oil might be the best option as then any more
maint would be just to sweep it and put a bit more
| it's really the wrong floor for that place.
| sanding it down and then sealing it with linseed
| oil might be the best option as then any more
| maint would be just to sweep it and put a bit more
| oil on.
Three problems with that, I think:
2) Linseed oil attracts mildew.
3) It would probably be unsanitary to have such
a porous surface covered with water and feet
all day. Linseed oil used to be common for
outdoor steps, but it only protects for so long.
Remember those gray fir steps from years ago?
One knew it was time to replace them when they
broke down into a block of gray, shedding shards. :)
I'm trying to remember what state beaches use,
but I can't picture it now. I think the shower
houses are usually just set slightly off the ground
with a concrete floor. But in my memory I'm
imagining wide planks painted gray. On the
other hand, state facilities can use products not
available to the public, and may very well repaint
when you sweep a wood floor you use a light
brush of linseed each time (used on the sweeper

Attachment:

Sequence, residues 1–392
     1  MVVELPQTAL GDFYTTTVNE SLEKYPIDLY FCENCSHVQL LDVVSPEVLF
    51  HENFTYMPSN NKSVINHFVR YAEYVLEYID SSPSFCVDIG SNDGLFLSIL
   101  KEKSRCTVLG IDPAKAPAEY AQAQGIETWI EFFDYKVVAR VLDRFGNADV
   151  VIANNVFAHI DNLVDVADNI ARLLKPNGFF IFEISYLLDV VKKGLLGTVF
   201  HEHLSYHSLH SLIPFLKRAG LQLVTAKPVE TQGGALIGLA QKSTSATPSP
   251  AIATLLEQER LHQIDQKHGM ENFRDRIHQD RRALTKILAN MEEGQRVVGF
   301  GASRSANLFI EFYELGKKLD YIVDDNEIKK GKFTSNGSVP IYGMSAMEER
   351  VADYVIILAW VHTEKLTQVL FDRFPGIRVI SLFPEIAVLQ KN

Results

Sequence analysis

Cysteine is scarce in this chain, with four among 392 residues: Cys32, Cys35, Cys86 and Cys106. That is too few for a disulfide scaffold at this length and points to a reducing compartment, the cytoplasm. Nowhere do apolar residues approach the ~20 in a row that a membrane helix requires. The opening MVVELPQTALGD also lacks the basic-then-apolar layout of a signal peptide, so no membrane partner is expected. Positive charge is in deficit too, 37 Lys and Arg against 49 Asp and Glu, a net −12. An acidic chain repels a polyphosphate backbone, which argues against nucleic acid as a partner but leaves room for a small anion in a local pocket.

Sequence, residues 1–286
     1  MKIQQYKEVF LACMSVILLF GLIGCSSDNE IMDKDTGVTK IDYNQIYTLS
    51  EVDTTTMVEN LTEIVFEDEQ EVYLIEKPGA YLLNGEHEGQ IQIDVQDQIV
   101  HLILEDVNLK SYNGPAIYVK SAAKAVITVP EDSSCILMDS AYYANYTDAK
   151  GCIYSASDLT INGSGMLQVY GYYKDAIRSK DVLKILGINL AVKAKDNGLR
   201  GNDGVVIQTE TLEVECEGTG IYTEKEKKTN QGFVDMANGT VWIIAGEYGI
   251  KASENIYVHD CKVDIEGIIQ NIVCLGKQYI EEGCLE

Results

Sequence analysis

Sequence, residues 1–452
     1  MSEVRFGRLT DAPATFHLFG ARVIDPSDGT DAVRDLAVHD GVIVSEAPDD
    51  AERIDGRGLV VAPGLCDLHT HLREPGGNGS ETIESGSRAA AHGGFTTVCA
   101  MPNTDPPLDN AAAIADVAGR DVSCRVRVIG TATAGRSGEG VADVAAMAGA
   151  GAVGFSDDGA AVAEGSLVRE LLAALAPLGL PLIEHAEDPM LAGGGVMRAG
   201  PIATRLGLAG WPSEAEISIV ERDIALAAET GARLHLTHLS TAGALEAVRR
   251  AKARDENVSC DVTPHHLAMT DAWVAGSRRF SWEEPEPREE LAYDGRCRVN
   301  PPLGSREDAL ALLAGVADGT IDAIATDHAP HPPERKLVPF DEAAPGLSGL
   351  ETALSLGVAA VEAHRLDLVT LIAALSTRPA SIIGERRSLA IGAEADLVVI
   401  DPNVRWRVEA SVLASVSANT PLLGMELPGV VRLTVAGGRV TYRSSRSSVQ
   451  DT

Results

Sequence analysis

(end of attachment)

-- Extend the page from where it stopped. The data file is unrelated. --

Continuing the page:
to get rid of the sand). there should not be
any problem with spinters if there hasn't
already been a problem.
if you're that concerned about sanitary conditions
and cleaning to germ free status then wood slab
flooring is not the right floor.
i can't see anything other than bare cement being
very decent for most places. colored cement for a
more fancy place. seamless flooring would be ok for
some areas if there wasn't furniture being dragged
over it all the time, but so would tile be ok for
such a place. overall, i'd get rid of the wood and
put in concrete. not ever paint it. that's just a
waste of time and money.
You are confusing 2 products. Urea Formadehyde Foam Insulation (UFFI)
is the product that breaks down and releases formaldehyde under
certain conditions - Urethane spray foam insulation is totally
Isocyanates can be a problem with urethanes - generally if properly
mixed and applied the problem is over in less than 2 days - but DO NOT
hang around inside a poorly ventilated building when urethane is being
VERRY carefully!!! That is one problem with a foamed building. You
basically need to cut and drill to install anything - and then refoam
when you are done. My father's last 2 housed that he had built were
Urethane spray foam insulated.
Part of the problem with UFFI was it was used where it should not have